- YakTrax - I spent two winters being skeptical about these things but man, they are effective. Easy to pop off and put in your pack if you don't need them for the return walk home. You don't want to spend a lot of time falling when it gets icy.
- I would also invest in some low- to mid-height gaiters for deep snow. It'll keep your pants from getting wet and clumping with snow.
- One thing that helped me immensely, which I discovered by accident, was wearing orange-tinted sunglasses on overcast or snowing days. It perked up my mood considerably--like, wow!--and helped keep the blowing snow out of my eyes. The Smith Toasters fit a woman's face well, seem indestructible, and come with the orange/yellow anti-fog lenses, too.
- I second a lightweight warmth layer in capilene or smartwool that you can take off when you get to school. Keeping your good shirt in your pack will help keep that fresh. Put a dryer sheet in your pack with it if you're really concerned.
- I'm of two minds on the jacket. On one hand a lightweight waterproof shell that will not impede your movement or weigh you down is great. And you don't need to carry an umbrella if the snow turns to the beloved "icy mix." On the other hand, I have a knee length down coat that has changed my life when it comes to winter. Sometimes just knowing there's no doubt you're going to be toasty is worth its weight in, well, down. These can droop a bit with wetness and if you get sweaty, but I wouldn't trade mine. Again, if you're going to be building up a head of steam, the shell might be fine. Layer wool or synthetics underneath it. One that has pit zips that you can open will help your body breath when you heat up.
- A decent scarf that doesn't absorb water, so you can protect your mouth and nose.
- A power bar of some type is good to have, if only to look forward to at some arbitrary milestone. Do drink some water before you start and when you arrive.
- If you're going to walk every day, consider getting two of whatever clothing will be closest to your body. Washing (even just a rinse in water and hanging to dry overnight) will help stem odor quite a bit.
- Chapstick and a face protector are just nice through the winter if you're outside a lot. Spread it on your wrinkle zones and you can avoid that cracking feeling as you squint through snow flurries. Mustela makes a luscious "hydra stick" for kids that I swiped from my toddler. One small co
- A good mp3 player with some upbeat tunes is a great motivator.
Enjoy your winter walking!
posted by cocoagirl at 10:57 AM on September 10, 2008 [4 favorites]

One small co-
That should be: One small container might do you for the whole winter.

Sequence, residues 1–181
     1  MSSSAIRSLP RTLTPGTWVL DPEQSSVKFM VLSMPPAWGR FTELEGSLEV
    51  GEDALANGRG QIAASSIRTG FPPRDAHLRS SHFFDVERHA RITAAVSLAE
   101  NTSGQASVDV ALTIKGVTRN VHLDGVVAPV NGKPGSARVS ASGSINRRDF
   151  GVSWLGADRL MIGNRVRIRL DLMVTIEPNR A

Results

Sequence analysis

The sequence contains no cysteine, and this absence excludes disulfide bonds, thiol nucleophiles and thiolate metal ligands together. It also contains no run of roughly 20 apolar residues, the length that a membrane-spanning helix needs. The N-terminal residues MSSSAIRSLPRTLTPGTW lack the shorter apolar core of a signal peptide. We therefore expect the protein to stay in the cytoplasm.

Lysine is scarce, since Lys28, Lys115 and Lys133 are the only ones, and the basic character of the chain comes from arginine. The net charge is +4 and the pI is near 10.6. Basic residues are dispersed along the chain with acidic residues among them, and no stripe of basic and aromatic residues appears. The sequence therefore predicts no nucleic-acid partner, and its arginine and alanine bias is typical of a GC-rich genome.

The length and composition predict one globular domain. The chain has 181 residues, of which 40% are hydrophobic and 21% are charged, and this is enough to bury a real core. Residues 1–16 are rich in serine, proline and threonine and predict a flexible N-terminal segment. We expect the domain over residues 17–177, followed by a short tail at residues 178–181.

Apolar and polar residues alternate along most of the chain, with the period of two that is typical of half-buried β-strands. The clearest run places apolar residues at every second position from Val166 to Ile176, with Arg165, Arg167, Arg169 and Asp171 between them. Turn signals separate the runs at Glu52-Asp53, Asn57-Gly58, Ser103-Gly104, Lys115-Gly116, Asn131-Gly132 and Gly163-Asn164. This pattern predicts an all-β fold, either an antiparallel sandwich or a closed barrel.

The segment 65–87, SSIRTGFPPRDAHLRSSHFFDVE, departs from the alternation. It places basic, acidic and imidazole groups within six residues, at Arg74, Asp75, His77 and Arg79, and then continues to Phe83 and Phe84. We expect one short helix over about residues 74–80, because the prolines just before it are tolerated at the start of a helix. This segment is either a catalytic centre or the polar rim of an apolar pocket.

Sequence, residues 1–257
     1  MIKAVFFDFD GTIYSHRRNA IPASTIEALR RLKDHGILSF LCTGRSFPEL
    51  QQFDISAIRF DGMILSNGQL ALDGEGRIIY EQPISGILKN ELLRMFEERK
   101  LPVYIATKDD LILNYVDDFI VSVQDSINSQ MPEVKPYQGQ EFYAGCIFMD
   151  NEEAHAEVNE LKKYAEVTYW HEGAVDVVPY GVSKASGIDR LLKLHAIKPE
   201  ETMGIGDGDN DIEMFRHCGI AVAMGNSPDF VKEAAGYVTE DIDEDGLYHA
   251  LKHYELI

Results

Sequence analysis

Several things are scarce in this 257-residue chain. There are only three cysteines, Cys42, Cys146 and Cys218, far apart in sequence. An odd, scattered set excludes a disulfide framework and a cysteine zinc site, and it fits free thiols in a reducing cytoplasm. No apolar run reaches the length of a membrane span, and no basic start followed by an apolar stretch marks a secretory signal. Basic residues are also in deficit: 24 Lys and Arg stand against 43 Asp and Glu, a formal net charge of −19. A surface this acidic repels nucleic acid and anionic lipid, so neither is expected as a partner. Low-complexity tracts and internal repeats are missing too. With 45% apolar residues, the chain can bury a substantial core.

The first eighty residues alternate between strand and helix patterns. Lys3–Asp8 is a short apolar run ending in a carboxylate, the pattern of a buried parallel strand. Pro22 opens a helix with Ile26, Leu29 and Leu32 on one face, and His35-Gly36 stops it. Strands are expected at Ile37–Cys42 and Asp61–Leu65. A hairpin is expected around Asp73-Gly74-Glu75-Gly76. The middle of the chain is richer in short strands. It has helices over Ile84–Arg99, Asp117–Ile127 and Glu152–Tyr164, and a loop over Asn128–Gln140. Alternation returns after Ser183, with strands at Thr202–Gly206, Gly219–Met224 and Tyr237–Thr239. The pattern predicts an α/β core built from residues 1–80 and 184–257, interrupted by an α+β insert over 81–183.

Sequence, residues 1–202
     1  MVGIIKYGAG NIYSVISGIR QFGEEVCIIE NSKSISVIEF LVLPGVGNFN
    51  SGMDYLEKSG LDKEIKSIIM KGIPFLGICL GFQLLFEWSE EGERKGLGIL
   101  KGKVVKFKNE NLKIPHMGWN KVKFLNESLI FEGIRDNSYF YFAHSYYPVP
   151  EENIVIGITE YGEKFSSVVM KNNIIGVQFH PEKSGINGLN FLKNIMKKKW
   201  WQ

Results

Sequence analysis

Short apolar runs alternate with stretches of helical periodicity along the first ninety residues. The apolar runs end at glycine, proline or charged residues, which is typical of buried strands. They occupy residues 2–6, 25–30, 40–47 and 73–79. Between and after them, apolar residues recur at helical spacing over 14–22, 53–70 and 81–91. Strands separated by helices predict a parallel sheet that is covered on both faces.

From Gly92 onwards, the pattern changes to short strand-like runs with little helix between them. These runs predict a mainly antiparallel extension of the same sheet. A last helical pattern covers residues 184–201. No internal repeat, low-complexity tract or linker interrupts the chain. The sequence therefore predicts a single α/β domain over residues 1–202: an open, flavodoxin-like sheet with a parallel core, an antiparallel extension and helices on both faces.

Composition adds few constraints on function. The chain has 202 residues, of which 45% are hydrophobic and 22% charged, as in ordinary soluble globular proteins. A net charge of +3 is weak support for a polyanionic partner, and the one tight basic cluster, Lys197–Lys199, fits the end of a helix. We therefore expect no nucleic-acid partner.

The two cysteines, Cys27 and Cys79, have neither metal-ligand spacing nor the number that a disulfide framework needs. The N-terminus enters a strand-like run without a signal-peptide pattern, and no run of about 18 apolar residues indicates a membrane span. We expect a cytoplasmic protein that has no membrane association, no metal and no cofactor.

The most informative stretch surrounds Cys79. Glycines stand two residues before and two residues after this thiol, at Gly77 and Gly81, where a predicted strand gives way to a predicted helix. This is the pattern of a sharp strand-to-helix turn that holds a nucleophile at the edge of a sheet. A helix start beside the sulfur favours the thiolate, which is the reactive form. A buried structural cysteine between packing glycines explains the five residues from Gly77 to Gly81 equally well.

posted by cocoagirl at 11:06 AM on September 10, 2008

Seconding the Smartwool recommendation. I just love their socks.
posted by gudrun at 11:07 AM on September 10, 2008

I would think that good lightweight or midweight hiking boots (with a goretex layer for waterproofness) would help with both traction and warmth on that kind of walk. In the serious cold, "pac"-style boots (the ones with rubber lowers and felt insulation) are really nice. I've not lived in Chicago, but I have lived in similarly cold places, and I find that as long as my feet are dry they are usually warm enough — but if they get wet, that's misery. I like the SmartWool socks a lot; there are probably cheaper alternatives that are about as good.

Long underwear is a love it or hate it thing. It does keep you warm, but I find that then I get too warm when I go indoors. I prefer heavier outer layers that I can then remove when I get to where I'm going. Try both (once winter comes) and see what works for you.

I agree that sweat isn't likely to be your problem in the middle of winter, but some people really do sweat a lot. If you are a sweater, bringing a clean tshirt or undershirt will really help. And the backpack probably won't make your back sweaty in the cold — that's more of a warm-weather, high-exertion problem in my experience. If it's cold out, and you find you are sweating from the walking, all you have to do is unzip your coat, take off your hat, and so on — the cold air will cool you down in no time.

Midwinter, you need to pay a lot of attention to visibility — for drivers, it's really hard to see a person wearing dark clothing trudging along the side of the road early in the morning when their windshield is covered by slush. Bright colors, reflective tape, and even flashing lights are good in those situations.
posted by Forktine at 11:17 AM on September 10, 2008

Layers, like everyone's saying. I've been finding this jacket (Poplin Thermal-Lined Day Jacket, in case the link breaks) brilliant as a cyclist - Irish summer rather than Chicago winter, but that's a 10-15 degree difference and I'm wearing it over a t-shirt, so. It's light and breathable, but also warm, and I can take it off.

If you get waterproofs, for god's sake make sure they're breathable and good, because they're the quickest route to marinating in your own sweat otherwise.
posted by carbide at 11:26 AM on September 10, 2008

Definitely bring dry socks to wear inside. If you have someplace to store things at school, consider getting a spare pair of sneakers to change into for when you get really wet. Walking around all day in wet socks and shoes or walking around inside in super warm socks and shoes can get really uncomfortable.
posted by martinX's bellbottoms at 12:35 PM on September 10, 2008

Response by poster: Wow - this is a lot of good information. I'm especially fond of the links to specific products.

I should have mentioned that I'm a woman, not a man (though I think 5'1" and 118 lbs might have been a generalized hint), so the male clothing doesn't quite help me.